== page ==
Project description:Although susceptibility genes for anti-citrullinated peptide/protein antibodies (ACPA)-positive rheumatoid arthritis (RA) have been successfully discovered by genome-wide association studies (GWAS), little is known about the genetic background of ACPA-negative RA. We intended to elucidate genetic background of ACPA-negative RA.We performed a meta-analysis of GWAS comprising 670 ACPA-negative RA and 16,891 controls for 1,948,138 markers, followed by a replication study of the top 35 single nucleotide polymorphisms (SNPs) using 916 cases and 3,764 controls. Inverse-variance method was applied to assess overall effects. To assess overlap of susceptibility loci between ACPA-positive and -negative RA, odds ratios (ORs) of the 21 susceptibility markers to RA in Japanese were compared between the two subsets. In addition, SNPs were stratified by the p-values in GWAS meta-analysis for either ACPA-positive RA or ACPA-negative RA to address the question whether weakly-associated genes were also shared. The correlations between ACPA-positive RA and the subpopulations of ACPA-negative RA (rheumatoid factor (RF)-positive and RF-negative subsets) were also addressed.Rs6904716 in LEMD2 of the human leukocyte antigen (HLA) locus showed a borderline association with ACPA-negative RA (overall p = 5.7 × 10(-8)), followed by rs6986423 in CSMD1 (p = 2.4 × 10(-6)) and rs17727339 in FCRL3 (p = 1.4 × 10(-5)). ACPA-negative RA showed significant correlations of ORs with ACPA-positive RA for the 21 susceptibility SNPs and non-HLA SNPs with p-values far from significance. These significant correlations with ACPA-positive RA were true for ACPA-negative RF-positive and ACPA-negative RF-negative RA. On the contrary, positive correlations were not observed between the ACPA-negative two subpopulations.Many of the susceptibility loci were shared between ACPA-positive and -negative RA.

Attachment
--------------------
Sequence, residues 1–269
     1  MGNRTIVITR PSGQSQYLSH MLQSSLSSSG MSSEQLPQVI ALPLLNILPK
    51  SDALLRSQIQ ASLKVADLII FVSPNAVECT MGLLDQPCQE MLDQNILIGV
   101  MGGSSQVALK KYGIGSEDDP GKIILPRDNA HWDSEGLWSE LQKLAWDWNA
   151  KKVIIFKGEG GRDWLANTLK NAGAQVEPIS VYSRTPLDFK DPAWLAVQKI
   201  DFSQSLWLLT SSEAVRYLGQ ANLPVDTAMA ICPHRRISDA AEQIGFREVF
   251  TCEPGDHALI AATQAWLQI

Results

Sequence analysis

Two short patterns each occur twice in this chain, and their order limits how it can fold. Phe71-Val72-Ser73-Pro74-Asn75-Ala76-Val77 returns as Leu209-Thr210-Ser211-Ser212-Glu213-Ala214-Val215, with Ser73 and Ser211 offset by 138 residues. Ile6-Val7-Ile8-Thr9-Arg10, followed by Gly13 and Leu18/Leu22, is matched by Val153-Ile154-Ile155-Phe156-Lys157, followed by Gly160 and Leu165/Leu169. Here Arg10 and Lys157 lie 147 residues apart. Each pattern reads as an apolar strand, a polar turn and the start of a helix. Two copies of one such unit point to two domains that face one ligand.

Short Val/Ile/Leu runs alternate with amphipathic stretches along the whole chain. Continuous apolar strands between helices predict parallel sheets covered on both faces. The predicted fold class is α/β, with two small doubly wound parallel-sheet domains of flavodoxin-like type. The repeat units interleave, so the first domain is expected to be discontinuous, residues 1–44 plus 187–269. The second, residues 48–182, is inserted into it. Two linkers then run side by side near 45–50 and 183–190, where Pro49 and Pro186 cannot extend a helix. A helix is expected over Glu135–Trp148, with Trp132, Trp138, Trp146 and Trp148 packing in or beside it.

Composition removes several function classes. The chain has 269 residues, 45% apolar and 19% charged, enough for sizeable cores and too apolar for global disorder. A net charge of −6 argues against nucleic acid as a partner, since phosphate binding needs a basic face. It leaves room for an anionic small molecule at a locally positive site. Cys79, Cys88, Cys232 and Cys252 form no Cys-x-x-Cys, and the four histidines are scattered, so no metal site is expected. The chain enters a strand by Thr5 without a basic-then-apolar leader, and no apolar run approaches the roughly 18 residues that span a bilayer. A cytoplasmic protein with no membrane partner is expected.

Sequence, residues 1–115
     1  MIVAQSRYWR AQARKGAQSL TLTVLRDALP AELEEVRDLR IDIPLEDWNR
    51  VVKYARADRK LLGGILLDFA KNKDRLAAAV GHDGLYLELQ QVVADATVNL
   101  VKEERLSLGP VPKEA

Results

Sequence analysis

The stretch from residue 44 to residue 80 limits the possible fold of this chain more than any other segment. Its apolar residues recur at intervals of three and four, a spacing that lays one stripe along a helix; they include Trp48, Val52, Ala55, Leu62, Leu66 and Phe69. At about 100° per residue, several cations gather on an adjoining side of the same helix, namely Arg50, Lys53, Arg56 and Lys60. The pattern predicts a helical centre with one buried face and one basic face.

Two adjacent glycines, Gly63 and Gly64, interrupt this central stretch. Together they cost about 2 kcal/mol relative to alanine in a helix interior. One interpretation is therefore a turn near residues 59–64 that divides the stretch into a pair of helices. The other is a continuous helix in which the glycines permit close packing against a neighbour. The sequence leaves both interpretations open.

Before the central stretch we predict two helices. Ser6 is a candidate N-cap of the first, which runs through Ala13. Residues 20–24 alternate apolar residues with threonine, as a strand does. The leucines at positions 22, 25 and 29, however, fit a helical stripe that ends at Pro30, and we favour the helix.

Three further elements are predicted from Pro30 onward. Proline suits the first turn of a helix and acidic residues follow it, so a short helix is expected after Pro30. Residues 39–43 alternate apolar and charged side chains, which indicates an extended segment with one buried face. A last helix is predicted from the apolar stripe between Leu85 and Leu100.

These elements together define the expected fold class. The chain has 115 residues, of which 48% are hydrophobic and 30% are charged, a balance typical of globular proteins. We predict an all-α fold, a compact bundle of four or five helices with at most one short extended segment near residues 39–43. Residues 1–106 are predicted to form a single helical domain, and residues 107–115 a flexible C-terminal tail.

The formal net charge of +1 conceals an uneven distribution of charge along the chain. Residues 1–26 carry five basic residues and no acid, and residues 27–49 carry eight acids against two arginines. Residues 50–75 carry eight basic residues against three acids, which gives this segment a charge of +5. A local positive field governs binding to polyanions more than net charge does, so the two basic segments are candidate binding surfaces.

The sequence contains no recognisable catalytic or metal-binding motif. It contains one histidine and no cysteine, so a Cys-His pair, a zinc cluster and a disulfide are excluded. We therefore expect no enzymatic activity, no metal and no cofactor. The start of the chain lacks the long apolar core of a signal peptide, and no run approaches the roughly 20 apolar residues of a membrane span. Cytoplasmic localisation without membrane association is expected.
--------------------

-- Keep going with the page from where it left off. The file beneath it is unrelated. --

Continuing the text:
Project description:The Mediterranean diet has been associated with lower mortality and lower risk of cardiovascular diseases and cancer. Although its components have been analysed in several studies, only one study has specifically investigated the association between Mediterranean diet and risk of rheumatoid arthritis (RA), and reported no association.Data on 1721 patients with incident RA (cases) and 3667 controls, matched on age, gender and residential area, from the Swedish epidemiological investigation of RA (EIRA), a population-based case-control study, were analysed using conditional logistic regression. The Mediterranean diet score, ranging from 0 to 9, was calculated from a 124-item food frequency questionnaire.In the EIRA study (median age of participants 53 years), 24.1% of the patients and 28.2% of the controls had high adherence to the Mediterranean diet (a score between 6 and 9). After adjustments for body mass index, educational level, physical activity, use of dietary supplements, energy intake, and smoking, high adherence reduced the odds of developing RA by 21% (OR 0.79; 95% CI 0.65-0.96) as compared to low adherence (a score between 0 and 2). The OR was even lower among men (OR 0.49; 95% CI 0.33-0.73), but no significant association was found among women (OR 0.94; 95% CI 0.74-1.18). An association between high diet score and low risk of RA was observed in rheumatoid factor (RF)-positive (OR 0.69; 95% CI 0.54-0.88), but not RF-negative RA (OR 0.96; 95% CI 0.68-1.34), and in RA characterised by presence of antibodies to citrullinated peptides (ACPA), but not in ACPA-negative RA.In this large population-based case-control study, the Mediterranean diet score was inversely associated with risk of RA. However, an association was only found among men and only in seropositive RA.